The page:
From December 1992 to December 1996 I lived in the small town of Abi Adi (130 36' N, 390 00' E) in the Tembien zone of Tigray, the northern most region of Ethiopia. My wife worked as midwife for a local NGO, the Relief Society of Tigrai (REST) in a primary health care program funded by the dutch NGO Memisa Medicus Mundi.INTRODUCTION
Abi Adi is situated at the west side of
a high north south laying mountain ridge, part of the so-called Western
Highlands that extend from the Kaffa region in south-eastern Ethiopia into
Eritrea, north of the country. From the Western Highlands two major feeds
of the White Nile begin: the blue Nile that rises in lake Tana and the
Takeze river that gets its water from numerous rivers rising in de ridge
between lake Ashenge and Makelle and Adigrat. Less then 100 km east of
Makele the mountains descend steeply into the Danakil depression of the
our house in Abi Adi
our house (bottom right) in the outskirts of the Abi Adi. Ambera table mountain at the horizon.
our back yard
From Abi Adi west to the Takeze river the country is hilly at approx. 1400 m in the river valleys, to 2000 m at some table mountains. Where possible agriculture is performed during the rainy season (approx. from June to mid September). Teff being the most important crop. Thousands of cows, sheep and goats eat away most of the vegetation in the remaining areas. Apart from spread Acacia trees, only trees grow in villages and/or around churches. In the higher mountains directly east of Abi Adi there is more woodland, though wood cutting and cattle grazing largely deformed it to scrub. Along the riverbeds some springs are found. For instance Mai Lomin (Lemon water), the spring that supplies Abi Adi. These and a few areas closed for human activities are real treasures where baboons and bush buck survive. Outside these areas erosion is severe almost everywhere.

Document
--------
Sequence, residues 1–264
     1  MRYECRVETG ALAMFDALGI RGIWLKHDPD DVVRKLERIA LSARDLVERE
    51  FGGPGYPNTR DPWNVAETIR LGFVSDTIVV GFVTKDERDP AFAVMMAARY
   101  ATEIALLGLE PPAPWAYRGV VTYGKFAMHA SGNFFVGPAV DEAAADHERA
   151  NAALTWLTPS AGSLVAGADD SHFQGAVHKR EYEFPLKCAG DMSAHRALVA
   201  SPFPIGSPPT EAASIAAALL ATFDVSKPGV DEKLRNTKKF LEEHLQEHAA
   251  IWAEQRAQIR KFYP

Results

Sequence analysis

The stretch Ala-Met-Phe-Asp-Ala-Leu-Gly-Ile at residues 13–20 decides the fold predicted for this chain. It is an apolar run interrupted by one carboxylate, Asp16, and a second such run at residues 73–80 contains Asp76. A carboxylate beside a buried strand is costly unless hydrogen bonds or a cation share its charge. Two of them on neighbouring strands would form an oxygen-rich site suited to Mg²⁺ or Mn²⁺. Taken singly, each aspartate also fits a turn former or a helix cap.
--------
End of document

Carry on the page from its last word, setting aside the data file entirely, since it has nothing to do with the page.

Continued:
During our stay in Tigray I made extensive
notes of the birds I saw during my 3 to 4 excursions a week. Most observations
were done in the surroundings of Abi Adi and Makele. Accompanying my wife
on her field trips resulted in observations in the neigbourhood, such as
the Jijike and the Takeze river (South West of Abi Adi), the surroundings
of Agbe and Yetchila (to the South), Hagere Selam (to the East),
Ambera (to the North West) and Werk Amba and Adaha (to the north)(see
Special birding trips were made to Adua and Aksum, Adigrat, lake Ashenge (mid winter waterbird counts) and surroundings and Desa'a forest north east of Makele. In three of the four years I was back in the Netherlands during the months of April, May and June. So that period is not well covered.
This site will inform you about the rich
bird life in Tigray. Although the rural areas are densely populated, birds
are not really threatened. Fertilizers are hardly used and also the use
of insecticides is low. Last but not least there is no hunting. For a general
overview of the birds of Tigray click here.
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